With Storm Brian being not the Messiah, but a very naughty storm, I had posted advice on driving in high winds in answer to questions posted on several caravan forums. As windsurfers, we have a special relationship with the capricious wind.
We had checked the forecast, which didn’t look too bad but as we approached the coast, we had to cross a number of viaducts, all of which were preluded by taut and turgid wind socks! I could feel the caravan being buffeted and thought that it would be rather ironic if we were blown over, having dealt out so many ‘bon mots’ about driving safely in high winds!
We arrived, relieved and safe at Le Touquet, pitched in a record half hour and took the dogs for a much needed run on the huge expanse of beach as the sun set.
The next day, it rained and rained and rained and rained! It barely got light. We walked the dogs on the beach and got thoroughly soaked before we left for The Tunnel. I had put it off as long as I could. Finally, I had to abandon shorts and make the dreaded move into long pants.
Long pants are the harbinger of The End. The End of our Endless Summer.
With the deadline of a crossing, we always like to leave ourselves plenty of time and it was a good job. Roadworks had closed the slip road to the Eurotunnel terminal.
We followed the diversion for MILES to Guisnes, but after going around three sides of the terminal, we seemed to be heading away from it! We rang Eurotunnel, only to be told that both slip roads were open! “They’re not!” I said “They are!” they said. “Other people have checked in!” they told me, by way of letting me know that I was stupid.
We followed the diversion again and headed to Guisnes again. We decided that it was clearly the wrong way, ignored the diversion and got ourselves back on the motorway in the opposite direction. We got to the terminal and checked in. So we’re not stupid. Just all the other lost-looking cars, caravans and motorhomes that we saw driving to Guisnes..!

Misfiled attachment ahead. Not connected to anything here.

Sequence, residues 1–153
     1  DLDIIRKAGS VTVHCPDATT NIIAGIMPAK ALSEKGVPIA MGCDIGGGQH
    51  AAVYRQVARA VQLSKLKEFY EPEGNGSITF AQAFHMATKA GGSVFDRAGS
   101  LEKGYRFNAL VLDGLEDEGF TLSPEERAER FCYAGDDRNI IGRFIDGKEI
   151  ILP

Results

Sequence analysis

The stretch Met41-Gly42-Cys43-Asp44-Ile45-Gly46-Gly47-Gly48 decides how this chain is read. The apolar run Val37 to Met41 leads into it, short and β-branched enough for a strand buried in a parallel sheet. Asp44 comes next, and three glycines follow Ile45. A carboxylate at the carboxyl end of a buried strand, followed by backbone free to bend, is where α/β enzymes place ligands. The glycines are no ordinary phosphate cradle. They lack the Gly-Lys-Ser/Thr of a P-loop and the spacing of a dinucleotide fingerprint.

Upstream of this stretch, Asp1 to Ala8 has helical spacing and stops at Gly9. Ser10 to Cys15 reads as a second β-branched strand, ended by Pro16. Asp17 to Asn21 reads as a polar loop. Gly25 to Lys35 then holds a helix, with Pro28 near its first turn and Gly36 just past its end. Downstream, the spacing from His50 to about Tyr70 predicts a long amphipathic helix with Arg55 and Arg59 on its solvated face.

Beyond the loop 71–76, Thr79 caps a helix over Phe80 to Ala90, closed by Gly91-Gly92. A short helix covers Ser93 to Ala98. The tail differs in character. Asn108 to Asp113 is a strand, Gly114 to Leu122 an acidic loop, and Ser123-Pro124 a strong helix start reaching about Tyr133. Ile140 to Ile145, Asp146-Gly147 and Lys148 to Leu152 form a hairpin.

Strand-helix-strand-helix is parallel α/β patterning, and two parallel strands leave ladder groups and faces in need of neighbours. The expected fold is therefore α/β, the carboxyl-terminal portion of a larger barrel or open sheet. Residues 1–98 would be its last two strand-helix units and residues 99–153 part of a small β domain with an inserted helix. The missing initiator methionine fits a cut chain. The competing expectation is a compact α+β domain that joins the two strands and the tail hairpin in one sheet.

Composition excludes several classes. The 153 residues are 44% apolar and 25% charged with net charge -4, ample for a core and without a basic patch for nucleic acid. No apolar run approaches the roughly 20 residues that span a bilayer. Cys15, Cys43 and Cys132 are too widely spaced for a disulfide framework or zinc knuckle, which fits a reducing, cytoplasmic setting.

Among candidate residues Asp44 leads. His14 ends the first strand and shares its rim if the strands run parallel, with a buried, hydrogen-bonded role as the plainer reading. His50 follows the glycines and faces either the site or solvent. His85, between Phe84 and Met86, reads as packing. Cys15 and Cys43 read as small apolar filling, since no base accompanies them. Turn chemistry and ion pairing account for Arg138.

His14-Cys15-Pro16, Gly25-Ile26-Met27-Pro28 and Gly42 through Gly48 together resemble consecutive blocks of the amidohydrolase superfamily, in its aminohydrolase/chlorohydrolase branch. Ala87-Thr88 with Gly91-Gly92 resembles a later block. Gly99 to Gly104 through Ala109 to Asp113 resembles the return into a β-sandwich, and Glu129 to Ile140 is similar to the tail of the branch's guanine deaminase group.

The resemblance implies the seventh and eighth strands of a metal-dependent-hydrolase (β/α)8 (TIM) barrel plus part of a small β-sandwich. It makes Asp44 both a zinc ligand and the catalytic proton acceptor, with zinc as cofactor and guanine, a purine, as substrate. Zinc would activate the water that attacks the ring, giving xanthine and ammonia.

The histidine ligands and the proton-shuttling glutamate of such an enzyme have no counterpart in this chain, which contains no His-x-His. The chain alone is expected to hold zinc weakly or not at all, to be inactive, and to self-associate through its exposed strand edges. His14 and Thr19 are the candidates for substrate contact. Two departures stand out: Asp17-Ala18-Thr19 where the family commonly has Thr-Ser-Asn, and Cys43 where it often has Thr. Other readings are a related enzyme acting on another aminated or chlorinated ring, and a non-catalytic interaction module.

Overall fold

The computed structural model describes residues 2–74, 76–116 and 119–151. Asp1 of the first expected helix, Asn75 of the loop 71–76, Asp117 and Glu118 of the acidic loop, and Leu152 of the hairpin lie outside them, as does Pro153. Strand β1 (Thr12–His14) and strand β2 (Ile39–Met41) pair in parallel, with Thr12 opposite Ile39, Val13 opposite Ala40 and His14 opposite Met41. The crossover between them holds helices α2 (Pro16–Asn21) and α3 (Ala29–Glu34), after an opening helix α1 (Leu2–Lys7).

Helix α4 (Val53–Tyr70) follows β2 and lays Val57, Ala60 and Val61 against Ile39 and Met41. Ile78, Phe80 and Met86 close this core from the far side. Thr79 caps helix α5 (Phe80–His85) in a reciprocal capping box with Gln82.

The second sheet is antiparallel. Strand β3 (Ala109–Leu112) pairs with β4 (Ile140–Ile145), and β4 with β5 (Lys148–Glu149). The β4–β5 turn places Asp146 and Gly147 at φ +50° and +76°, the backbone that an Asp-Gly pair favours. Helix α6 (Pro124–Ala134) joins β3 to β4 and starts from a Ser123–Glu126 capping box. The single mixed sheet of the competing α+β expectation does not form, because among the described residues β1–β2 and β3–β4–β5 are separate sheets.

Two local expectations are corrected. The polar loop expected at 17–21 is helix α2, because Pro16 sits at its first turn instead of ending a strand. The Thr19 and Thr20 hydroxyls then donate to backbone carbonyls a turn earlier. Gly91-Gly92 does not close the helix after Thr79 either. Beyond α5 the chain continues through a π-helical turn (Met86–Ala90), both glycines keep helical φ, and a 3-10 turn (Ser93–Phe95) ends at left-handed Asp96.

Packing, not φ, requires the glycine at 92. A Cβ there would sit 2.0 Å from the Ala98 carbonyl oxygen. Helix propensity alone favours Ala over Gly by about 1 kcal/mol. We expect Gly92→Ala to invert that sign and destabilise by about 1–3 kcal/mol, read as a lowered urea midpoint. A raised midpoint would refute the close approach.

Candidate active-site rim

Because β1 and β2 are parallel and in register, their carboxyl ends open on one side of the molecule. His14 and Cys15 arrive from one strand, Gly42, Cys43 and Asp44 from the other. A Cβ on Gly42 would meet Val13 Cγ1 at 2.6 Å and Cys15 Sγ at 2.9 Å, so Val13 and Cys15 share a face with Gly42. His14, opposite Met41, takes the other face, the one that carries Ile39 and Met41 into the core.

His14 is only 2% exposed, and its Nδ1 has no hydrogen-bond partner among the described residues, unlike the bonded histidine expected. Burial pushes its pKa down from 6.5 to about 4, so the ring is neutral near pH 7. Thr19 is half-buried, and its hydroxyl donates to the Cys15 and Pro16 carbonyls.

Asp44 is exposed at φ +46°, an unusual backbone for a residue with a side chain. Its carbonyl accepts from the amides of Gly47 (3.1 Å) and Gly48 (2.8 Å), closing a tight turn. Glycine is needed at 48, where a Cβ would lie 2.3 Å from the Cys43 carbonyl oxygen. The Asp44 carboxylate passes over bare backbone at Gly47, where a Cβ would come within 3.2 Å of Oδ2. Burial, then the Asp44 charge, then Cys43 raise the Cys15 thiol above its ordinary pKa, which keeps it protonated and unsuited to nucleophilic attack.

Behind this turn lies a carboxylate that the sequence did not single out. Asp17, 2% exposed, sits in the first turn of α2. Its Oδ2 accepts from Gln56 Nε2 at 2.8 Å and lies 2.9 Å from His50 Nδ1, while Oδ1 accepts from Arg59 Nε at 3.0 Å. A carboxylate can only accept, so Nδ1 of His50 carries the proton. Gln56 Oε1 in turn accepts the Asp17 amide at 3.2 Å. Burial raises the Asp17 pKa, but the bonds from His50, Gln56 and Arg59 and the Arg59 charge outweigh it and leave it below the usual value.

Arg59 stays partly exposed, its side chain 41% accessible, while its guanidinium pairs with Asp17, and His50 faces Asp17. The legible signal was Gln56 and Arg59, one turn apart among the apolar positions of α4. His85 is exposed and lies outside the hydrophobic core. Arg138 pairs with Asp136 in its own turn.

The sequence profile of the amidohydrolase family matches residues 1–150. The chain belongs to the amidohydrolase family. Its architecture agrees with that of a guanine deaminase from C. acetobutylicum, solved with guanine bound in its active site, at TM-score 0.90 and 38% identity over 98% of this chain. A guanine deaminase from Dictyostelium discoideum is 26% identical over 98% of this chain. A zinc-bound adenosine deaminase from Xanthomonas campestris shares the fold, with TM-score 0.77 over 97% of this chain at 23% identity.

And we can also report that, having done a complete circumnavigation of the terminal TWICE; we did not see ONE single migrant! God Bless you, Daily Mail!
Back in Blighty. Back in long pants. I could feel my tan fading with every mile. Within one hour of pitching back in the UK, we had four damp ‘n dirty dawgs and I discovered the obvious; sandals are not suitable footwear for walking in waterlogged woodland and fields.
Still, despite the drizzle, we got the awning up. We had bought a Great British fry up, but much as we were looking forward to it, we were too shattered to cook it.
We demolished a sandwich and a couple of beers.
Then we slept like babes!
Mark cuddles one of the damp ‘n dirty dawgs.
We managed to get on to our seasonal pitch at Hunter’s Moon C&MC site in Wareham early. It was a relief to have somewhere to pitch, albeit with a 100-mile rather than a 5-mile commute to see Mark’s Mum!
The header photo of the Monte Rosa Massif reflected in Lake Gover, Gressoney St Jean, is courtesy of Graham Smith.
If you follow World Wide Walkies, you will know that our homecomings are never straightforward. This one was no exception. Join us next time as we are subjected to a Fidose of Reality!